Platanus racemosa or California Sycamore is our pick for California Heritage Plant for June 2017
This Sycamore is a common sight along city streets where it offers large shade canopies, requires little water to establish and no irrigation upon maturity, doesn’t disturb sidewalks much and has few pest and disease problems worth mentioning. A mature specimen can reach 100ft! But most large trees we see have made it to 50ft. growth and have begun to transition to a much slower metabolism and growth rate. Leaves turn lovely shades of brown and red before falling and female flowers drop numerous seed bearing achenes. Birds enjoy the tiny fruit and several birds prefer to nest in its high branches. Wood from the California Sycamore is difficult to work but makes excellent food cutting boards.
The native people of California had a very different relationship with this tree, where Sycamore stands grew naturally they were maintained, expanded and replanted over generations by native tribal groups, an activity which they engaged and planned out over many thousands of years. One can imagine when considering the range of this tree and the incredible language diversity of California Natives (second only to New Guinea) there was probably some delicate and ingenious negotiation to accomplish this task. This forestry activity using and managing California Sycamores provided erosion control, enhanced and created bird habitat (making it easy to hunt birds, collect feathers and gather eggs) and managed and maintained a source of wood for fuel and roofing. Probably the shade canopies created part sun planting areas where valuable berry producing shrubs could flourish.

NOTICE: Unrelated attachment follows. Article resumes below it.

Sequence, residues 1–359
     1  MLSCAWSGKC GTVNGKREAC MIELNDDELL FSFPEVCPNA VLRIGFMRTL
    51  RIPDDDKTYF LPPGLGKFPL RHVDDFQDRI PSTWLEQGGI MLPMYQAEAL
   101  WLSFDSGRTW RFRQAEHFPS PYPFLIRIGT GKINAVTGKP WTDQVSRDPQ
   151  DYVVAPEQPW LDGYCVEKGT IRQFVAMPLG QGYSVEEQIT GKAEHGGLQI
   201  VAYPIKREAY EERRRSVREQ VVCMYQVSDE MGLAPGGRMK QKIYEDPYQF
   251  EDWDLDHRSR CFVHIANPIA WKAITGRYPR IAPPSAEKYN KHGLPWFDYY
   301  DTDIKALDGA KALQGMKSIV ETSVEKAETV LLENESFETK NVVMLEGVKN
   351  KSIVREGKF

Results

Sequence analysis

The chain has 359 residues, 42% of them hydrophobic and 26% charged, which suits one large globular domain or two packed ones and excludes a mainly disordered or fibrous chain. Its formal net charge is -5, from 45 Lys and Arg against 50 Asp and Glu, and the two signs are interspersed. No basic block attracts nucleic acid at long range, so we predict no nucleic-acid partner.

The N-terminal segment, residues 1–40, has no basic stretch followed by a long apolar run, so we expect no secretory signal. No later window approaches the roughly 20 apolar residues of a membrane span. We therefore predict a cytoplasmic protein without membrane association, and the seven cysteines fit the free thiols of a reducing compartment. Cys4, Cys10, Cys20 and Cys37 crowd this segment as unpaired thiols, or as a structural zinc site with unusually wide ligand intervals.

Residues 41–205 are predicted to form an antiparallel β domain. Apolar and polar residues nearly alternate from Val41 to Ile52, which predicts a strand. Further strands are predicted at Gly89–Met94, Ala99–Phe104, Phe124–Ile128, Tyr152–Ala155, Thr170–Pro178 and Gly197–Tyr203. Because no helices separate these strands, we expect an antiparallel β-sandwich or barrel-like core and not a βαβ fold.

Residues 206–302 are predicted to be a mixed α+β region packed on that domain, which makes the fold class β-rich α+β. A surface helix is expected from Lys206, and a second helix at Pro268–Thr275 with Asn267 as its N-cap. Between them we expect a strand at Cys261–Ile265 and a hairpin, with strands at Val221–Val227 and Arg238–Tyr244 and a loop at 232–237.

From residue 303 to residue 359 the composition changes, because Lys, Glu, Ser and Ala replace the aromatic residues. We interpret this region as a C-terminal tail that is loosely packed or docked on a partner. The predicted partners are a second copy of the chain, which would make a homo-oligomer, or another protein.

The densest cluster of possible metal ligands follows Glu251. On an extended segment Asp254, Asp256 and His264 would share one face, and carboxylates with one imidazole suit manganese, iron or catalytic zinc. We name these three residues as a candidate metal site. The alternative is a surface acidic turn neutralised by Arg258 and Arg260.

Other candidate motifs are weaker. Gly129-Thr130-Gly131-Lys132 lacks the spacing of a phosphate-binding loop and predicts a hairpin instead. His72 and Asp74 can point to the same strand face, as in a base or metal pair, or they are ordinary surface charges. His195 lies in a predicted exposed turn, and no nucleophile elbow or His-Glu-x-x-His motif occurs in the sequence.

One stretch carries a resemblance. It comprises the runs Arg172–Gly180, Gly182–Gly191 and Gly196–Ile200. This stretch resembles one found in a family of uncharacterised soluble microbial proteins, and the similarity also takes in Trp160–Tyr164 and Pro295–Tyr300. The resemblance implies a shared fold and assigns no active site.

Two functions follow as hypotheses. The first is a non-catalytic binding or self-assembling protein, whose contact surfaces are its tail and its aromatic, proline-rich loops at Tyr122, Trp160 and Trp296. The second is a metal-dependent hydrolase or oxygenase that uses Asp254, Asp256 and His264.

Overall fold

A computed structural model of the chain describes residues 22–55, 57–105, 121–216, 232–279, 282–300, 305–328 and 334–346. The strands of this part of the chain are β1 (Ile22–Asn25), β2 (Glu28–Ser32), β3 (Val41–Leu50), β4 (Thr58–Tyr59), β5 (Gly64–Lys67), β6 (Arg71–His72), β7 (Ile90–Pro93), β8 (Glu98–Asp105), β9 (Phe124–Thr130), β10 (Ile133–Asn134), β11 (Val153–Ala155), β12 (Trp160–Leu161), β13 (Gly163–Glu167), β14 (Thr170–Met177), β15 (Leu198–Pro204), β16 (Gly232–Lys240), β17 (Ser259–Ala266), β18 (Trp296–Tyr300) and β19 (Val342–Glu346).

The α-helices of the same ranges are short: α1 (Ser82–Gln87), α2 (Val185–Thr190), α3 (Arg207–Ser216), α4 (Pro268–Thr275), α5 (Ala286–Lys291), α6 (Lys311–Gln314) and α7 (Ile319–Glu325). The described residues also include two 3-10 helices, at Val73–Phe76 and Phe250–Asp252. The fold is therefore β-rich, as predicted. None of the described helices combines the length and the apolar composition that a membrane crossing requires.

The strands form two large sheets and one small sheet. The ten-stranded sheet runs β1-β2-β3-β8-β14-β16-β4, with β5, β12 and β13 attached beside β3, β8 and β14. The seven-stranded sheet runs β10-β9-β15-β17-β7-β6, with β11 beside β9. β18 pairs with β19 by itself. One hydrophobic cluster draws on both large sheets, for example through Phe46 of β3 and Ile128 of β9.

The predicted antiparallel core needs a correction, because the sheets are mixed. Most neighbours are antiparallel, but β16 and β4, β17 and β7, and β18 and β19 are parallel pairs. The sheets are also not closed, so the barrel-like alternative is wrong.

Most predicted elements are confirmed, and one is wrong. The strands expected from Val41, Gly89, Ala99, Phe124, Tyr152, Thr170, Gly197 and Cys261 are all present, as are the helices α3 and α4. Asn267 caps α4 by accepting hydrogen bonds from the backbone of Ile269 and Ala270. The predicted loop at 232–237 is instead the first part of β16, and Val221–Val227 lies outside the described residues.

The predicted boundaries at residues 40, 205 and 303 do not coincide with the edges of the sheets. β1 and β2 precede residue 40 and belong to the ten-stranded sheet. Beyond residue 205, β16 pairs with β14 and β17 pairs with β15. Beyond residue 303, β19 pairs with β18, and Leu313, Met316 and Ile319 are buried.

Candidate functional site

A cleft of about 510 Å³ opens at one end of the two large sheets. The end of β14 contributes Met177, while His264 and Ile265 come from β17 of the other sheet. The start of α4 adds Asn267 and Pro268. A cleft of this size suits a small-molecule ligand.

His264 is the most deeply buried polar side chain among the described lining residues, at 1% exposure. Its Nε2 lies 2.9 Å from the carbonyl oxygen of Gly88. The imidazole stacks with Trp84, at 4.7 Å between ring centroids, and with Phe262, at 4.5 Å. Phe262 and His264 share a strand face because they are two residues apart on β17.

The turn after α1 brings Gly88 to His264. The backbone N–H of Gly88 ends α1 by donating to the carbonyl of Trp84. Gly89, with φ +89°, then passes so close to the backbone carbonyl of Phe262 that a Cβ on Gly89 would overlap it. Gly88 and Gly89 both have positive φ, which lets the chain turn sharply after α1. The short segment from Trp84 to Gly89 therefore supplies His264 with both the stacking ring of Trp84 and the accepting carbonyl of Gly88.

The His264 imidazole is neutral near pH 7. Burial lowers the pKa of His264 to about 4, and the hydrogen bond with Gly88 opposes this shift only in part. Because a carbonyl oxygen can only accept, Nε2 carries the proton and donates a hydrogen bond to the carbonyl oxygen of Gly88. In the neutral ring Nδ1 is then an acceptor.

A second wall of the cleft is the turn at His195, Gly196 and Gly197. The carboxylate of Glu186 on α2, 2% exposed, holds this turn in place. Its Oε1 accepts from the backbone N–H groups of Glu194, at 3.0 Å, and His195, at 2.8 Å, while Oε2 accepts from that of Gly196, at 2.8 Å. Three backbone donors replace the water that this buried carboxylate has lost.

How do we know these people did these things?
Distribution of these Sycamore trees observed in undisturbed parts of California reveal a pattern of growth which cannot be accounted for by the biological means by which this tree spreads naturally. Oral histories of native people which survive in the work of ethnographers from the early 19th century tell of a forestry management system for other similar trees and useful perennial plants; this was common practice by people who maintained a sustainable food system for over 15000 years. That’s pretty impressive when you consider that our system of agriculture will fail in this state in fifty or so years if not altered radically.
We can thank NASA and the technology of satellite image systems for providing us with this glimpse into the forestry management system of a lost civilization. Satellite images and data produced from orbital cameras reveal in detail how different species are distributed over large regions so accurately and efficiently, the slow and imperfect surveys of botanists of days past pales in comparison. If you find this exciting, you might look up how this same technology is revealing similar and even more intensive natural resource management across the entire ‘wild’ Amazon rain forest basin of South America. The implications are that at one time or the other the entire extant of wild rain forest had been controlled and maintained for food production to the benefit of people living there. There is no ‘natural rain-forest’ , every grouping of plant species we see today are not as nature would have it if species had spread uninterrupted and ignored by humans, but rather we are seeing a vast garden, a system of agriculture run wild when the civilizations which created them disappeared.
15gallon Platanus racemosa ‘California Sycamore’ $129.00 at Ploughshares Nursery